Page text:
A species of wild gazelle, once thought to be extinct, is thriving in the mountains of the Turkish-Syrian border thanks to the efforts of one Turkish scientist. After spotting his first mountain gazelle in 1998, Professor Yasar Ergun worked with local communities to set up a breeding sanctuary to protect the gazelles from hunting. The population has increased by 865 in the past nine years. NYT

In a historic win for environmental activists, fracking in the Delaware River Basin has been permanently banned to protect wildlife and the drinking water supply for 17 million people. The basin, which spans New York, New Jersey, Delaware and Pennsylvania is a critical habitat for countless species, including native trout, American eels, and bald eagles and the ban has been heralded an important step in the country’s transition toward a more sustainable future. NRDC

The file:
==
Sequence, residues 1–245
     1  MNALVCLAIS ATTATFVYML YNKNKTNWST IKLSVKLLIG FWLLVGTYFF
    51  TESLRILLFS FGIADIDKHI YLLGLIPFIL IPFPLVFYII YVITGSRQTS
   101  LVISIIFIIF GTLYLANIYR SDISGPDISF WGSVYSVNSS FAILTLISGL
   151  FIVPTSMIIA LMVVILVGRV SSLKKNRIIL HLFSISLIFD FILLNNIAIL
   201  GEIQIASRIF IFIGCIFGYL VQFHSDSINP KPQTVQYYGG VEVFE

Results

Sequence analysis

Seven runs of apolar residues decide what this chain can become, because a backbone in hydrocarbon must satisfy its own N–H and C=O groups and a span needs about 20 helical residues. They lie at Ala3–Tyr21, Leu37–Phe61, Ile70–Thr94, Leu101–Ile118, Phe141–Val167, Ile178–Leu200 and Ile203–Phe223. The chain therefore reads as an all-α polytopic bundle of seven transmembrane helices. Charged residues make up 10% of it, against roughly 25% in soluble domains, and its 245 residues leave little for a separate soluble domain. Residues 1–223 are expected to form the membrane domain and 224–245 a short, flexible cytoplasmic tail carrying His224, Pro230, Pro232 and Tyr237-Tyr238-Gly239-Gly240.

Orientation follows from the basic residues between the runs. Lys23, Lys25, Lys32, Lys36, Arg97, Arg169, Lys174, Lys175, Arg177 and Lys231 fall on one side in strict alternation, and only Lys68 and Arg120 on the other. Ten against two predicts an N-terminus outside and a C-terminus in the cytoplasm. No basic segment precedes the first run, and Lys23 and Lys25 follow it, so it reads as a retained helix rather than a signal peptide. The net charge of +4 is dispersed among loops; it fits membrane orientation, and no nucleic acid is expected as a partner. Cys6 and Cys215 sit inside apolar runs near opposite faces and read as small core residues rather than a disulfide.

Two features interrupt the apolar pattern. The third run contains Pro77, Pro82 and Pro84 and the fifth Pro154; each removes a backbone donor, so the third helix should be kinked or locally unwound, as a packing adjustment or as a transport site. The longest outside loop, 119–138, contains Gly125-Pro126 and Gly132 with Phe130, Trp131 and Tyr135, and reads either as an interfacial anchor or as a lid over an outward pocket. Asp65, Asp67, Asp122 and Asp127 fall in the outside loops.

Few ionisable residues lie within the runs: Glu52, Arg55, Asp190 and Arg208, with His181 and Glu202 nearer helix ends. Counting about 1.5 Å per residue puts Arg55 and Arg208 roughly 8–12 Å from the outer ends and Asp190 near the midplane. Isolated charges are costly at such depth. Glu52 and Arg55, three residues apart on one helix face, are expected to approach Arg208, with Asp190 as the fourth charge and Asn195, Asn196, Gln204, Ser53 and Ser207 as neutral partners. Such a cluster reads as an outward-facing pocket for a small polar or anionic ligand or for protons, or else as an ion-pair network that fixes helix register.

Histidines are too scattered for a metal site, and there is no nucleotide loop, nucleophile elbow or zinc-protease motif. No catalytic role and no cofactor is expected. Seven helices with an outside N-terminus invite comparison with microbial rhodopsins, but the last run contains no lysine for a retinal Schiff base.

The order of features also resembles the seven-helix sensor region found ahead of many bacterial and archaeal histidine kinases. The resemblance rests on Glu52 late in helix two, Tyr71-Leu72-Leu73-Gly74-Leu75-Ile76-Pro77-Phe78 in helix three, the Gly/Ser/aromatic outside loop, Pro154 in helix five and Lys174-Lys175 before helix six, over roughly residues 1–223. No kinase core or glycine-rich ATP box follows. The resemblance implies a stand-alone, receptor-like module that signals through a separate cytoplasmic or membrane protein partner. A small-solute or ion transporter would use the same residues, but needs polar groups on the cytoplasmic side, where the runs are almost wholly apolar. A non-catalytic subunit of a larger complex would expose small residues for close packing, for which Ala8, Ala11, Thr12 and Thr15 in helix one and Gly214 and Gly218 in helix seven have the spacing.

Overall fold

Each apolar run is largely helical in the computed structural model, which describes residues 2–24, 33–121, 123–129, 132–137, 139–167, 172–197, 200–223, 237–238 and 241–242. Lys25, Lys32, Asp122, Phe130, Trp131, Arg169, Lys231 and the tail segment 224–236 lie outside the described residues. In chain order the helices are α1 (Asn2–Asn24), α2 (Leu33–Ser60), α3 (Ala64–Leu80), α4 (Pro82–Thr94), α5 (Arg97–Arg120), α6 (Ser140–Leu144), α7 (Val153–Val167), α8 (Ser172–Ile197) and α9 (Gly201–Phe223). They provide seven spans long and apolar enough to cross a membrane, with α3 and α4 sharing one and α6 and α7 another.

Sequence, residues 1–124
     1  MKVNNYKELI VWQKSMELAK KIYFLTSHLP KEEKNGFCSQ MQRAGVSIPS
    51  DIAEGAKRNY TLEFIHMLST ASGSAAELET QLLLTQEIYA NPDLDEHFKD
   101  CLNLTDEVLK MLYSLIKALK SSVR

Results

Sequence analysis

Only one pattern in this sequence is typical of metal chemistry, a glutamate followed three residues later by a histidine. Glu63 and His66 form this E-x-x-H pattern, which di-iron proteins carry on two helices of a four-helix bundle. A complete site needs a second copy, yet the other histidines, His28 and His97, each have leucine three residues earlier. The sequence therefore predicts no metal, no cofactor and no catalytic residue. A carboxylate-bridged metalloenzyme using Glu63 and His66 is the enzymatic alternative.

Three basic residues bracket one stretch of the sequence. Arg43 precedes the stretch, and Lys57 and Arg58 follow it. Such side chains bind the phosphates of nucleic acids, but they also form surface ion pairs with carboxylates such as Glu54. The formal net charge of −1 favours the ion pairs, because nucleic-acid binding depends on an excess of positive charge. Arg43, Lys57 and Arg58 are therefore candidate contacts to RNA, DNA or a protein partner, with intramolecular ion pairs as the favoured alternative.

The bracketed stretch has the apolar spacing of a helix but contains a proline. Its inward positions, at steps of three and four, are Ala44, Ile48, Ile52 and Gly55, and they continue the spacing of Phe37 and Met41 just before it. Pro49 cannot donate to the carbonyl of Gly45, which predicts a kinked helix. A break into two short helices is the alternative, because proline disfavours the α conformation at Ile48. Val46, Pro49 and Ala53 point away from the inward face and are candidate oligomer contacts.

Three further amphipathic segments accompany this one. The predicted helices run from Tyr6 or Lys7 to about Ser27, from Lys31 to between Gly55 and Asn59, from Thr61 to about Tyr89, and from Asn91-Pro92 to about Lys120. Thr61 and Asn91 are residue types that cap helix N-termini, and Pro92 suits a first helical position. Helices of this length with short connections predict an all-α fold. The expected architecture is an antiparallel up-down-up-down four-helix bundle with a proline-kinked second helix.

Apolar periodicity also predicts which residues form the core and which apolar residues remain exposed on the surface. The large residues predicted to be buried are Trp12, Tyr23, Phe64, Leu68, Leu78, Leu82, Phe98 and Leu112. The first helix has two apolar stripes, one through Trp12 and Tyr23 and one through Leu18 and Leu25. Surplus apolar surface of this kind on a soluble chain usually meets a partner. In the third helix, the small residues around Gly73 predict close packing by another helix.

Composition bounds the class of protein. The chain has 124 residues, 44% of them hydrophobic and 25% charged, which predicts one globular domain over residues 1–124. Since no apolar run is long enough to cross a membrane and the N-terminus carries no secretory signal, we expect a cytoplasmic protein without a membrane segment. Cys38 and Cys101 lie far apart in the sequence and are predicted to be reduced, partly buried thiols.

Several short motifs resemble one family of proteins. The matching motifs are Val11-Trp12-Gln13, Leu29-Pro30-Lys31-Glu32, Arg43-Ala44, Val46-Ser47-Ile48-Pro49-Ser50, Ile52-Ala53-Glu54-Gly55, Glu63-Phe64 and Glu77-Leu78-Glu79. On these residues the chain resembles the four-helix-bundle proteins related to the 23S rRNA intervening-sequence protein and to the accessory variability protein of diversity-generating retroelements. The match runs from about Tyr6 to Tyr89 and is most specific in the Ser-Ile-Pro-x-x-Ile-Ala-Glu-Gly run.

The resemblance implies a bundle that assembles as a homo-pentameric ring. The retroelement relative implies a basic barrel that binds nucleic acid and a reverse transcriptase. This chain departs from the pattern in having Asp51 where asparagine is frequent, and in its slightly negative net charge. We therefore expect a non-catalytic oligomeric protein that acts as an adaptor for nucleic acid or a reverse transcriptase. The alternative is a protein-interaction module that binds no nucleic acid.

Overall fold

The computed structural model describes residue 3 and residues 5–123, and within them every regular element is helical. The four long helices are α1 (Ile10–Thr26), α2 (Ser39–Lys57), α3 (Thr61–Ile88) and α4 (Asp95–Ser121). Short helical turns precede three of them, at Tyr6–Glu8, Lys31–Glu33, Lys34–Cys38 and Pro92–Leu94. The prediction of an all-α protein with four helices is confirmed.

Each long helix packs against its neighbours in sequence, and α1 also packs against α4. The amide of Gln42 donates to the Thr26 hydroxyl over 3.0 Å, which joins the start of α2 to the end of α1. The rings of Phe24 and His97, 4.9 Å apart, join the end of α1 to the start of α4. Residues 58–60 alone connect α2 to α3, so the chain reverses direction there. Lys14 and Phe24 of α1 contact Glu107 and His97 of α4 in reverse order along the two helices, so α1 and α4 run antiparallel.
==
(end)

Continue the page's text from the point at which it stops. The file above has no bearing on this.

A bridge over the Delaware river connects New Hope, Pennsylvania with Lambertville, New Jersey. Richard T. Nowitz / Getty Images

Electronic Mail

McKinley Valentine's fortnightly newsletter has consistently been one of the best things in our inbox for years. She describes it as "Science, history, weirdness and 0% contemporary politics because oh my god sometimes you need a break" and who can argue with that? In addition to being beautifully written and gloriously diverse, you'll find the kind of esoterica here that doesn't seem to appear anywhere else on the internet.

If you're a curious person that needs a break from the grind, we cannot recommend this enough. The Whippet

Meanwhile, back at the ranch...